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Finding a Second Career in the Trades

November 08, 2021



Haley Whiting is an apprentice pipefitter in Chicago – Union Local 597. She’s been working in the trades for nearly five years and, in her early 30s, is one of the older apprentices. Her career started off in one direction before the construction industry finally found her.

I initially went to school for English and wanted to get into writing and the social sciences,” says Haley. “I wanted to do community-based organizing work. But I realized, in my late 20s, that to take my career to the next level, I either had to go back to school or completely switch gears. I chose construction. I wanted a career that felt meaningful to me, where I felt like I was creating a net positive.

Haley Whiting

The CWIT Connection

Haley did not get there on her own; she had a lot of support from Chicago Women in Trades (CWIT), a nonprofit organization that helps women get into trade unions: HVAC, pipefitters, electricians, ironworkers – the list is long.

“Chicago Woman in Trades is an awesome organization that really helped me along,” says Haley. “Their Technical Opportunities Program (TOP) gives women essential training to apply at trade unions and pass their entry tests. I had friends who went through CWIT, and they really encouraged me to check it out.”

TOP is a three-month construction boot camp that helps show women the bar they will have to reach to make it in the trades. There are weekly exercise routines to help build strength, as well as reading, math and logic tests. While CWIT is focused on helping women get into the trades, the organization wants to ensure they are the right women.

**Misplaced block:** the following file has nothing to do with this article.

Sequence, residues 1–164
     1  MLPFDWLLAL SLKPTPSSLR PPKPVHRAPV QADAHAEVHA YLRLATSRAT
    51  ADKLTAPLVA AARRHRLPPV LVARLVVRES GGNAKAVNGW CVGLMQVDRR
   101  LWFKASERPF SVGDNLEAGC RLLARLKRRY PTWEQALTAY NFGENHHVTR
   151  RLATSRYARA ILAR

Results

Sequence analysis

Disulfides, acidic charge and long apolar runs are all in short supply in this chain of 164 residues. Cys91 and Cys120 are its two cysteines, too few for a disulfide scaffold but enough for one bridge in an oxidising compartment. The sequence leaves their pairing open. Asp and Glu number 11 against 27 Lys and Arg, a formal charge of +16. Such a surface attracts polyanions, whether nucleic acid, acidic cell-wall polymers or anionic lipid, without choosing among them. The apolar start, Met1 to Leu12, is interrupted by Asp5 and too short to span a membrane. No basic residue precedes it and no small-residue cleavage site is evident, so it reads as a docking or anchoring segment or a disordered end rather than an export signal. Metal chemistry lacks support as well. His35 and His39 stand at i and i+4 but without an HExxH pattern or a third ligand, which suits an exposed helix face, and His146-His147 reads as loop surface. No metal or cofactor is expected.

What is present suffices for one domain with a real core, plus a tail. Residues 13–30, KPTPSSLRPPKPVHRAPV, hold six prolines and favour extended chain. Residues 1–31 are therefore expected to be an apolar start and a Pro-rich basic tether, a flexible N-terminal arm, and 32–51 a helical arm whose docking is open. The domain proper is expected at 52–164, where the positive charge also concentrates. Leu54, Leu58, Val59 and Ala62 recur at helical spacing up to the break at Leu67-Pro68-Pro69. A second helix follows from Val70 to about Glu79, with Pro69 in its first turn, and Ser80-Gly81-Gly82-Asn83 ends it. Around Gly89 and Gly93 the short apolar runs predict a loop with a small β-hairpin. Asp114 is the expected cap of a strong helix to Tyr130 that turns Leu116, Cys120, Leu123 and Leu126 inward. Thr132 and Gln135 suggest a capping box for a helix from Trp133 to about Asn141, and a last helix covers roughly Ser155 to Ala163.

None of these tests were an issue for Haley. She had grown up in the country and was used to early mornings and physical exertion, which has given her a leg up in her work.

The TOP program emphasizes the basics, and attendance is just one example. “You have to show up for every class and you have to be on time,” says Haley. “If you're not, it’s pretty likely you will get kicked out of the program. They want people to understand what will be expected of them at their worksites.”

The Deadline

After completing TOP, Haley applied to local 597, which accepted her into an apprenticeship hybrid program. She had five months to learn to weld, become proficient and pass the United Association Welding Certificate test. Haley had never welded in her life.

“The program was five days a week,” says Haley. “The doors opened at six a.m. and closed at eight p.m., and they expected us to be there for at least 10 hours a day. At the end of five months, I’d take the test. If I passed it, I was in the union. If I failed, I would have been jobless, on my own.”

The test was quite rigorous, including both visual and X-ray inspections to catch any internal flaws. During the test, Haley spent hours on her assignment when she physically slipped.

“I was on the last part, right at the finish line, when I stumbled,” says Haley. “At first, I thought I blew it, but I was able to compose myself, fix the error and move on. And then it was the inspector’s turn. It was nail-biting, absolutely nail-biting.”

Women in the Trades

Now that she’s established herself in the trades, Haley likes to give back, volunteering at CWIT and sharing her experiences. She encourages women to get into the trades but does not sugarcoat it: They will have to prove themselves.

She tells them they will have to pick up heavy objects, and they should do everything they’re capable of doing.“I always tell women, do not let men work you out of a job,” says Haley. “You have to be willing to say no, I've got it. You have to hold yourself to a high standard because, if you don't, you can't know when you're actually encountering sexism, should you find yourself being treated differently. If you're not doing the job correctly, you will be told. The trades are a team effort and a process of learning.”